By Anna Pulley
By Erin Sherbert
By Chris Roberts
By Erin Sherbert
By Rachel Swan
By Joe Eskenazi
By Erin Sherbert
By Erin Sherbert
Matt Smith's Jan. 7 column, "Artist Con," stated that art dealer Nancy Wandlass pleaded guilty to felony embezzlement charges. In fact, Wandlass pleaded guilty only to a single felony embezzlement charge.
The column stated that in February 2007, her condominium was "heading irreversibly toward bankruptcy sale." In fact, it was headed toward a trustee sale.
The column also referred to Wandlass' "$30,000 Escada wardrobe." While a bankruptcy trustee's report shows her spending more than $30,000 on clothing between April and August 2007, only $18,415 of that money was shown to be spent at Escada. The balance was at Saks Fifth Avenue, Louis Vuitton, and Foot Candy. SF Weekly regrets the errors.
February 2007 was a tough month for Nancy Wandlass, an international art dealer known for her Louis Vuitton handbags, $30,000 Escada wardrobe, and constant presence at the Marina District's tony Rose Cafe. Two months earlier she'd been arrested with her husband, Thomas, on charges of fraud, grand theft, and conspiracy for allegedly stealing two 19th-century French paintings valued at $300,000. Adding further stress, Wandlass was attempting to crawl out from under millions of dollars' worth of past-due bills in bankruptcy court. The Wandlasses had run Pacific Heights Gallery from a condominium they owned on Jackson Street, but it was now buried in liens and heading irreversibly toward bankruptcy sale.
Perhaps worst of all, her long-held reputation as the stylish rogue of the tight-knit, handshake-based S.F. art world was wearing parchment-thin. More and more dealers had come to view her as a cheat. "None of us would ever deal with her. We knew she was a gonif — that's Yiddish for thief," said Ed Russell, who for 35 years ran the Graystone gallery on Geary Boulevard downtown, and now sells paintings by appointment.
But Wandlass had escaped tight spots before, and as she awaited trial for allegedly stealing the 19th-century French artworks, she told a bankruptcy judge that she was about to hit a home run that would make things right again. "With the additional paintings I am negotiating on to have for resale, the commissions from those paintings will pay off the remaining balance due to the secured creditors and also payoff the unsecured creditors," she wrote.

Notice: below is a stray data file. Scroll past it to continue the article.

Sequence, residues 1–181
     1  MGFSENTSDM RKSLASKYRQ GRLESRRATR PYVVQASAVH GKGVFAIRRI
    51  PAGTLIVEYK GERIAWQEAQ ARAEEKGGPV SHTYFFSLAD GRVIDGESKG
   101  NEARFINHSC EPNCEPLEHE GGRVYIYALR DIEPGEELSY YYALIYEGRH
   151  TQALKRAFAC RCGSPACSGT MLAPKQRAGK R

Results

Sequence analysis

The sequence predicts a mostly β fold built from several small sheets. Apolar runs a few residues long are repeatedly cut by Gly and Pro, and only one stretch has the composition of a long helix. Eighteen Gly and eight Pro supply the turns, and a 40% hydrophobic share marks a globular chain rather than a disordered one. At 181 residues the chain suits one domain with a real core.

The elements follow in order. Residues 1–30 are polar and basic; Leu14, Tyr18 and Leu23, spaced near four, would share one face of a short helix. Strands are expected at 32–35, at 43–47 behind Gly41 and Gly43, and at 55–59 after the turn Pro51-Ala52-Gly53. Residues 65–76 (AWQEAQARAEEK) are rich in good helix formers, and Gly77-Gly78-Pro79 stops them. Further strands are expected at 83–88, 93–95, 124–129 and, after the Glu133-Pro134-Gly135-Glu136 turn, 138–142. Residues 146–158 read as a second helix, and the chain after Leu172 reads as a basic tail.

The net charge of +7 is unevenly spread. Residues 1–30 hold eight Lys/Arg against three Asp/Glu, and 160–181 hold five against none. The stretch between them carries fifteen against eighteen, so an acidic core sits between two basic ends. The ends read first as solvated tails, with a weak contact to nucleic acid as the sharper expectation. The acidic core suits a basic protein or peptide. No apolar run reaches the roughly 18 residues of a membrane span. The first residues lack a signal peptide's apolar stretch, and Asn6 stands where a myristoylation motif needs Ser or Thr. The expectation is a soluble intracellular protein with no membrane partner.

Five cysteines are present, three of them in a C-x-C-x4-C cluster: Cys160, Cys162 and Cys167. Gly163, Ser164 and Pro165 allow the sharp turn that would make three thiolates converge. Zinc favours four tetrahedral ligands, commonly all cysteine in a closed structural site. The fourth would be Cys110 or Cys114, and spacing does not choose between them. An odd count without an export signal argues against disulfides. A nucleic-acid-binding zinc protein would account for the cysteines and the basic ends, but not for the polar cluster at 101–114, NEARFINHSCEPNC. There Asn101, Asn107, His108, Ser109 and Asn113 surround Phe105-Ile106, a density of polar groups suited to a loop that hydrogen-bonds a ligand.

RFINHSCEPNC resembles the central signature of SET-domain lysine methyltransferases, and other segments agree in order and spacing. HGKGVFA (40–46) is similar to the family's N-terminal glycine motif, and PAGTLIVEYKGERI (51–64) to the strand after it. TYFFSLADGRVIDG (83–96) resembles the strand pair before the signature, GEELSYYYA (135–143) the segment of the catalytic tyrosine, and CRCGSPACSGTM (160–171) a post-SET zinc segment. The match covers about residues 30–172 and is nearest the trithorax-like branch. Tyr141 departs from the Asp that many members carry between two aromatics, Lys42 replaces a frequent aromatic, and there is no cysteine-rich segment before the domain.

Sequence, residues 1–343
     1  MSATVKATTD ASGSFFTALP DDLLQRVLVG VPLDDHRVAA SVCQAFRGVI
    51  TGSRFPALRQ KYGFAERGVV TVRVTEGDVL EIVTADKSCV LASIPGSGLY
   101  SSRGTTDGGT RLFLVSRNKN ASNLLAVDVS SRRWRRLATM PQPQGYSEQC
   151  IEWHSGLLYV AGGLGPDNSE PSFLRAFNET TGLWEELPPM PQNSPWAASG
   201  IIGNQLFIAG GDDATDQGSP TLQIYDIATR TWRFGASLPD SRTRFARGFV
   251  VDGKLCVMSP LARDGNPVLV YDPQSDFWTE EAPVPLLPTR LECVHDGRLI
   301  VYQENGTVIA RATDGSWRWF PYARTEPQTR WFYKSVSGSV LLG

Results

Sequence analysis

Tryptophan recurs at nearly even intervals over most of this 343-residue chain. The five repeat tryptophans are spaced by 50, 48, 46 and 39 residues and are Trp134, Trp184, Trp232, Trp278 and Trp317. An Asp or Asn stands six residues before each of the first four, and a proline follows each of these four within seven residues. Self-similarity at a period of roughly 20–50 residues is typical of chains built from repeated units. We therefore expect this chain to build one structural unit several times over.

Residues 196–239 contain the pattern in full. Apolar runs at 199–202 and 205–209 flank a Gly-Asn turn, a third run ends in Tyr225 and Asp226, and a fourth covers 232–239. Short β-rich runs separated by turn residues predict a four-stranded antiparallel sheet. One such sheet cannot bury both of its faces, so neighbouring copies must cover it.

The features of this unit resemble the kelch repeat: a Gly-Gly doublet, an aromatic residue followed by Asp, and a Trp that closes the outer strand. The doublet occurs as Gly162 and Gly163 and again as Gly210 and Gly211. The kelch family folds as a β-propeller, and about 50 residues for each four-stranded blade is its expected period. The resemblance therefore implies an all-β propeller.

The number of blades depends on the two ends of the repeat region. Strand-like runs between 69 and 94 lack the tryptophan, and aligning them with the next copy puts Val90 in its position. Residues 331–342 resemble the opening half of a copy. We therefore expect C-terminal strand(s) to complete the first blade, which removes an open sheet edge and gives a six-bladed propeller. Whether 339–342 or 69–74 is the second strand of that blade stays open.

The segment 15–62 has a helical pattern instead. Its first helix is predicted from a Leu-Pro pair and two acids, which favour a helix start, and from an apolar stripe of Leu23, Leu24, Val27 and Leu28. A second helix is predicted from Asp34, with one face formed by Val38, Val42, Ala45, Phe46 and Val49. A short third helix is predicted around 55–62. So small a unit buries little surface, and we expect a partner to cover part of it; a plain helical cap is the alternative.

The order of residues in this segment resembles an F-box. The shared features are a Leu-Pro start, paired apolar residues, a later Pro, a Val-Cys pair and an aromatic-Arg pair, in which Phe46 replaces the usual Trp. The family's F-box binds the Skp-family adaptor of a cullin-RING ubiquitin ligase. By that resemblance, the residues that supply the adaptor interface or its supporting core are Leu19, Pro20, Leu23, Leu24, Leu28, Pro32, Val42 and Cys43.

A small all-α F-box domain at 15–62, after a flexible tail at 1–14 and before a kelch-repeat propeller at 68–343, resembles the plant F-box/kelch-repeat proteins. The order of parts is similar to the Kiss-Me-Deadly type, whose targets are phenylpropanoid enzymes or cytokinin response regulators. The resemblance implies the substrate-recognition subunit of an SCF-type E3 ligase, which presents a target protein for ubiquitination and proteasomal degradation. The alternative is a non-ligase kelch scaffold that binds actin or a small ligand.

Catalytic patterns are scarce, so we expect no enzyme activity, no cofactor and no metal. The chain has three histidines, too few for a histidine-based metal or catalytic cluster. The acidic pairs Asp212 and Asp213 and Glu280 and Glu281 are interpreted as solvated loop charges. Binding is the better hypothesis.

A Los Angeles lawsuit and a New York federal forfeiture case suggest that Wandlass really did bat one over the fence. In early 2007 she was serving as middleman for the sale of two modern paintings — "Hannibal" by Jean-Michel Basquiat, valued at $8 million, and "Modern Painting with Yellow Interweave" by Roy Lichtenstein, appraised at $3.5 million.
But, as seems to sometimes be the case with the Wandlasses, their business dealings were accompanied by a troubling backstory: The Basquiat and Lichtenstein paintings were contraband. They'd been smuggled into the U.S. with the help of falsified Customs documents after disappearing from the collection of a Brazilian banker convicted of fraud. The U.S. is now seeking to repatriate the paintings on behalf of the Brazilian government.
The Wandlasses' attorney, Cris Armenta, said her clients were innocent victims. "The Wandlasses are in full compliance with the law," she said. "They have cooperated in every respect with law enforcement to the extent that they've been requested." Indeed, court papers regarding the smuggled artworks appear to contain no evidence that the Wandlasses were aware of the paintings' troubled provenance.
In September, Nancy Wandlass cut a deal with prosecutors in which she pleaded guilty to felony embezzlement charges in connection with her 2006 arrest, Deputy District Attorney Bob Ring said. She was given three years' probation. Thomas Wandlass pleaded to a misdemeanor accessory charge, Ring said.
Despite their convictions, and the legal drama over the Basquiat and Lichtenstein pieces, the Wandlasses appear to be staying in the art business. When I reached Thomas Wandlass by phone recently, he said the couple's apartment-based gallery business continues "by appointment."
Edemar Cid Ferreira, the former head of Brazil's Banco Santos, made a name for himself in the art world by amassing a trove of famous Modernist paintings, which were displayed at international exhibitions he sponsored at museums such as the Guggenheim. After the bank failed in 2005, he was sentenced to 21 years in prison for perpetuating a $1 billion fraud, according to a U.S. government forfeiture case filed in New York. When Brazilian officials sought to reclaim some of his ill-gotten gains, they discovered that items worth some $30 million from his art collection were missing. Among them were Basquiat's "Hannibal" and Lichtenstein's "Modern Painting with Yellow Interweave."
As it turned out, the Lichtenstein painting had been crated and sent to New York from the Netherlands via a Panamanian shell company in December 2006. It was accompanied by paperwork describing its contents as "ornaments" worth less than $100, according to the federal forfeiture case. The crate's recipient, a New York art dealer named Alberto Barral, seemed to know what was inside. After the shipment arrived, Barral called the warehouse asking for "the Lichtenstein," the forfeiture filings say. He was told there was no record of anything under that name. According to the filings, he instructed the warehouse to uncrate the falsely identified 2006 shipment. Barral did not respond to a faxed request from SF Weekly seeking comment.